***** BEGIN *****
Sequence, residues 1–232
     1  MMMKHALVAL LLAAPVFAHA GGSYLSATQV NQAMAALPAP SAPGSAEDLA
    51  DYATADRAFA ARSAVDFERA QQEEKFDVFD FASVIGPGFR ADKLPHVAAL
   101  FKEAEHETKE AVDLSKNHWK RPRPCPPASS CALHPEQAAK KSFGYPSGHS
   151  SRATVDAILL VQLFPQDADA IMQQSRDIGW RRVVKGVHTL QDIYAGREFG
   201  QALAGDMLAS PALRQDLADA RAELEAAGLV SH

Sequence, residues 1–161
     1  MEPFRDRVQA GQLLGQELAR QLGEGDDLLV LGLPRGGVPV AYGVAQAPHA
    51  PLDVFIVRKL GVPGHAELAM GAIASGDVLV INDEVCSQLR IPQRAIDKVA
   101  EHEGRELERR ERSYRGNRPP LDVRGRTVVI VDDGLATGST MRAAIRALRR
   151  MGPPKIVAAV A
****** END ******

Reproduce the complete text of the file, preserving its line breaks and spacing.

Sequence, residues 1–232
     1  MMMKHALVAL LLAAPVFAHA GGSYLSATQV NQAMAALPAP SAPGSAEDLA
    51  DYATADRAFA ARSAVDFERA QQEEKFDVFD FASVIGPGFR ADKLPHVAAL
   101  FKEAEHETKE AVDLSKNHWK RPRPCPPASS CALHPEQAAK KSFGYPSGHS
   151  SRATVDAILL VQLFPQDADA IMQQSRDIGW RRVVKGVHTL QDIYAGREFG
   201  QALAGDMLAS PALRQDLADA RAELEAAGLV SH

Sequence, residues 1–161
     1  MEPFRDRVQA GQLLGQELAR QLGEGDDLLV LGLPRGGVPV AYGVAQAPHA
    51  PLDVFIVRKL GVPGHAELAM GAIASGDVLV INDEVCSQLR IPQRAIDKVA
   101  EHEGRELERR ERSYRGNRPP LDVRGRTVVI VDDGLATGST MRAAIRALRR
   151  MGPPKIVAAV A